Unlike alcohol-based mouthwashes, which can be drying and upset the delicate balance of good bacteria in the mouth, a homemade essential oil wash is both gentle and effective. Rosemary’s anti-microbial properties mean it will kill off the bad bacteria responsible for tooth decay and gum disease and will even rid you of bad breath.
Mix one cup of distilled water with 20 drops of rosemary oil. If you miss the minty fresh feel of conventional mouthwashes, you could also add in some peppermint oil. Remember to shake the jar before using.
Get Rid of Cellulite
Because rosemary improves circulation which flushes out toxins, it’s an ideal oil to use to banish cellulite – those fatty dimples that are so hard to get rid of.
Add two drops of rosemary essential oil and two drops of fennel essential oil to three teaspoons of a carrier oil like olive, jojoba or almond oil. Massage this daily into the problem areas. A rosemary oil lymph massage, outlined above, will also help with cellulite.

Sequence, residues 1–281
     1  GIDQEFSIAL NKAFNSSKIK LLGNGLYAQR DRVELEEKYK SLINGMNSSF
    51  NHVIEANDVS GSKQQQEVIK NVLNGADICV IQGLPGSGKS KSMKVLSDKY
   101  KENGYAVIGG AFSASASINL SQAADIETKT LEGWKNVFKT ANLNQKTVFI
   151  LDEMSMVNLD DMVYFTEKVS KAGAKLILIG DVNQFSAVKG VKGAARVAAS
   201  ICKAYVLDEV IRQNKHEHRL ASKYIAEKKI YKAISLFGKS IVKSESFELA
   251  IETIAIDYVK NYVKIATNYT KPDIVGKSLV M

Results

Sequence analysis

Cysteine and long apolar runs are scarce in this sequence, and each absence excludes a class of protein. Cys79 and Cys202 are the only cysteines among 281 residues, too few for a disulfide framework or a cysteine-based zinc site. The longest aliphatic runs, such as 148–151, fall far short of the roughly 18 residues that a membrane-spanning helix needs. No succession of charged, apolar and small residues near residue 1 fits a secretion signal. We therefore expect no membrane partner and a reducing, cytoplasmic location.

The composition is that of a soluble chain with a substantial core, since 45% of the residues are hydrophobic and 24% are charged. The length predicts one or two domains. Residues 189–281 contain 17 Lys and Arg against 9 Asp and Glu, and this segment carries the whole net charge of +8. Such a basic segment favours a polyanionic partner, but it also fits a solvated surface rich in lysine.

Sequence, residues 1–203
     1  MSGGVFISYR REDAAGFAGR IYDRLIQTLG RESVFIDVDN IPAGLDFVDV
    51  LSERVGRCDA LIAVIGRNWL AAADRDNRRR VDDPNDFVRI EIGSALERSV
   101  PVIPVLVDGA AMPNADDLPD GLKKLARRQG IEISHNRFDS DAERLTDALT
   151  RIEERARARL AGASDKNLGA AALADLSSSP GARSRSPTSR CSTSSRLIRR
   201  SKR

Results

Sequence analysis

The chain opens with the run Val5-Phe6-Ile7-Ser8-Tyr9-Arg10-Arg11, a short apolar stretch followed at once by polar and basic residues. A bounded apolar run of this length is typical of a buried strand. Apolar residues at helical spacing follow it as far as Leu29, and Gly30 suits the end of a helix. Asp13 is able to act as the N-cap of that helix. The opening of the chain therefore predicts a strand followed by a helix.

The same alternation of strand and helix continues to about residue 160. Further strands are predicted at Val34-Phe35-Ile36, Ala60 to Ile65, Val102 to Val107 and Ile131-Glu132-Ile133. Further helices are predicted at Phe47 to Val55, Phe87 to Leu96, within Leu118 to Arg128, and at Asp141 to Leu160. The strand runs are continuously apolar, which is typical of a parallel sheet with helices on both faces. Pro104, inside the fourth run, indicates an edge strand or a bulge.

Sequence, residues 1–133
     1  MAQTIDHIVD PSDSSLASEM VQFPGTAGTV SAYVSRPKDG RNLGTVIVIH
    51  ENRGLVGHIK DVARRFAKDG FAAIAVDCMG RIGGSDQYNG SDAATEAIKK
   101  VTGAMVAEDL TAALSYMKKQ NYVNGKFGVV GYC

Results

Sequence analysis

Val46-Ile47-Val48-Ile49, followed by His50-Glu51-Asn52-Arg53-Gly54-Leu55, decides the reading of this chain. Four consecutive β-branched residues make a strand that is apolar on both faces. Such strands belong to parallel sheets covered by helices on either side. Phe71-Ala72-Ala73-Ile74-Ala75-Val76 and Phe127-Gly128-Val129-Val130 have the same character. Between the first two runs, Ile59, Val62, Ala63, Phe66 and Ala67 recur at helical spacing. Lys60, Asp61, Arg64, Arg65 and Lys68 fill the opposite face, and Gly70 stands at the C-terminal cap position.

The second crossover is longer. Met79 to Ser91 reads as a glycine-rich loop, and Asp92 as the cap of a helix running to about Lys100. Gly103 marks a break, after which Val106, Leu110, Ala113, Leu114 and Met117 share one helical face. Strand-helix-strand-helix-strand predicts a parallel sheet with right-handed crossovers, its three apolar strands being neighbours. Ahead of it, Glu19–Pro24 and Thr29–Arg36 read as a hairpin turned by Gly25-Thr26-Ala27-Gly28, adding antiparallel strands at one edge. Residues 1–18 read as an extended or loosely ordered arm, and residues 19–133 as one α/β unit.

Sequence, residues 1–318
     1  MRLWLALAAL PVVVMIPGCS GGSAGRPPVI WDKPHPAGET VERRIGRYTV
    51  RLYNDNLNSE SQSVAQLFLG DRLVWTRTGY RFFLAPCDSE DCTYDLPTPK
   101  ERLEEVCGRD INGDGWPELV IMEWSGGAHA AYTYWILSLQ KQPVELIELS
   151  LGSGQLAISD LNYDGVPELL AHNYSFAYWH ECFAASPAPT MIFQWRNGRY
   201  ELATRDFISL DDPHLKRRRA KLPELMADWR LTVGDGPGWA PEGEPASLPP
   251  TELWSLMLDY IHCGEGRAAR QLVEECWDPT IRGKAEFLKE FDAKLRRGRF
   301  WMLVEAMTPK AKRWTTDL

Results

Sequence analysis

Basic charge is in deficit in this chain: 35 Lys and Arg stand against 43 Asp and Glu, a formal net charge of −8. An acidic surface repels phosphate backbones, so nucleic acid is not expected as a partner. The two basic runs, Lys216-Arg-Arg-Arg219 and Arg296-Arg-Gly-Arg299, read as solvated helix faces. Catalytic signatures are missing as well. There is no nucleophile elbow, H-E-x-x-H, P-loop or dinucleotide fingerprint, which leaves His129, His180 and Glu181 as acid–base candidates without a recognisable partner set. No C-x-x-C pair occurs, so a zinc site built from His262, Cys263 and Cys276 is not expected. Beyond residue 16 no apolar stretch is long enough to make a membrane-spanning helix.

Fade Stretch Marks
Rosemary essential oil is one of the best essential oils for removing stretch marks, especially when blended with coconut oil which happens to be another amazing stretch mark remedy. Massage over the marks regularly until they have faded.
Clear Up Acne
If you suffer from pimples or acne, then you may need to add a little anti-bacterial action to your skincare routine. We know how bad commercial anti-bacterial washes are for us, but a homemade one using rosemary essential oil is both safe and super effective.
Blend rosemary oil with castor oil, or another carrier oil of your choice. Massage in thoroughly and wash off with a warm washcloth. That’s it – your skin will feel soft and should clear up in no time.
4.) In the Garden
A Natural Insecticide
Make an all-natural insect repellent instead by mixing 10 drops each of rosemary, peppermint, thyme and clove oil in a spray bottle filled with water.
Not only does this mixture kill pests but it will also stop fungus ruining your beautiful plants. Shake before use and apply throughout the garden. It’s safe to use on your vegetable garden too!